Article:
Your slogan must be a short attention-getting words or phrase used in marketing.
Slogans are also used as a key phrase connected with a political party or candidate for office.
There are two important purpose of an marketing and advertising slogan: to communicate some information about a product, service or idea—and to fix it in the future clients mind in a memorable way.
Marketing slogans often contain the name of the product or company, though not all do.
I wouldn't to waste too much energy on them, because it's almost impossible to write a slogan that will do you any good.
Simply stated, a good slogan is exceedingly hard to come up with.
According to the best authority, the late Timothy R.V. Foster, a slogan should:
1 Be memorable
2. Recall the brand name
3. Include a key benefit
4. Differentiate the brand
5. Impart positive feelings for the brand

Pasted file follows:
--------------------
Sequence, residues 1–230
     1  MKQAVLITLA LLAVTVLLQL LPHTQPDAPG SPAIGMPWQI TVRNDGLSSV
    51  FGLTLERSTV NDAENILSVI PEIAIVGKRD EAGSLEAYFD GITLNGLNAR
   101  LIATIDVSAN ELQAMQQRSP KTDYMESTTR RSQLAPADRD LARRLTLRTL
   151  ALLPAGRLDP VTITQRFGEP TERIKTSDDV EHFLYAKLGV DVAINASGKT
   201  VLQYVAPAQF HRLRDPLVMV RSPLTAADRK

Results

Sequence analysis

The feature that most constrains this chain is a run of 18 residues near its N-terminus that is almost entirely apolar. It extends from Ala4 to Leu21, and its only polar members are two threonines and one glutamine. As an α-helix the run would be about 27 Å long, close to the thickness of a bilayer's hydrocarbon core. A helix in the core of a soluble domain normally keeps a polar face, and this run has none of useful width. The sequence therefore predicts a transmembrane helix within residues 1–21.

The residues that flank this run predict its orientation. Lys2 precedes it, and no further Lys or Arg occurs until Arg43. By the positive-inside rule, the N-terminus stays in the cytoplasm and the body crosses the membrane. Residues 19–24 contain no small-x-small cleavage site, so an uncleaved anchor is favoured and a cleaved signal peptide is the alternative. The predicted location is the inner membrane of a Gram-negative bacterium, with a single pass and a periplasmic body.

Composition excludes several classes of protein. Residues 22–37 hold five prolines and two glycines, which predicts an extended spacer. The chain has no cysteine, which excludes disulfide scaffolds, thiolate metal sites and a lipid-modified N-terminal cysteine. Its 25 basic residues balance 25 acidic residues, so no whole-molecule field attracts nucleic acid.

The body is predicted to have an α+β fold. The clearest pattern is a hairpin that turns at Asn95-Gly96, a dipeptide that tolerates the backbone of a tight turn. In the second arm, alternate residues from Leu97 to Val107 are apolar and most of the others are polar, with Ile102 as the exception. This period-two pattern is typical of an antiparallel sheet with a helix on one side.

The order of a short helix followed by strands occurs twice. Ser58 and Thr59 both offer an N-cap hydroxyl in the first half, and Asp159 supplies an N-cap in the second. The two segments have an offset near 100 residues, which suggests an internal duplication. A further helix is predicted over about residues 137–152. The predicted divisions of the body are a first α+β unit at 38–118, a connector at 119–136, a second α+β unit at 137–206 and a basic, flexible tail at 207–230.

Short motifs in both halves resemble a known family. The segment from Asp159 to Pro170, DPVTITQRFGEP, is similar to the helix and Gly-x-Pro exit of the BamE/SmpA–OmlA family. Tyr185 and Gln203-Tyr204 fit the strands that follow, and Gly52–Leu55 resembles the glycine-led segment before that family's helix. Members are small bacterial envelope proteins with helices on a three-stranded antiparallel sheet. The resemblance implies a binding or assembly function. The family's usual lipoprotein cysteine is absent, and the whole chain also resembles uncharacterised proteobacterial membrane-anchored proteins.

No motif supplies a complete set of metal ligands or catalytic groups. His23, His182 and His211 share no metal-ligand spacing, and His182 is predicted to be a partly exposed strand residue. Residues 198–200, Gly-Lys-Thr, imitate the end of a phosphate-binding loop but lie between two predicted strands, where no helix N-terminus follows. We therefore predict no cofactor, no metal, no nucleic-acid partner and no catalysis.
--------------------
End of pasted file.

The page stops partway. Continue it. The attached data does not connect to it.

6. Reflect the brand's personality
7. Be strategic
8. Be campaignable
9. Be competitive
10. Be original
11. Be simple
12. Be neat
13. Be believable
14. Help in ordering the brand
It should NOT:
15. Be in current use by others
16. Be bland, generic or hackneyed
17. Prompt a sarcastic or negative response
18. Be pretentious
19. Be negative
20. Be corporate waffle
21. Make you say "So what?" or "Ho-hum"
22. Make you say "Oh yeah??"
23. Be meaningless
24. Be complicated or clumsy
25. You should like it.
The essential thing to avoid is what marketing great David Ogilvy called "flatulent puffery" - that is odious boasting.
Unless you can come up with something no-one else can say, or something nobody has said already, forget it.
Here's a good slogan. "Just do it" - because the product is all about performance, and so are the ads.
Budget: Don't was your time. But if you must: One Time $1,000 - 5,000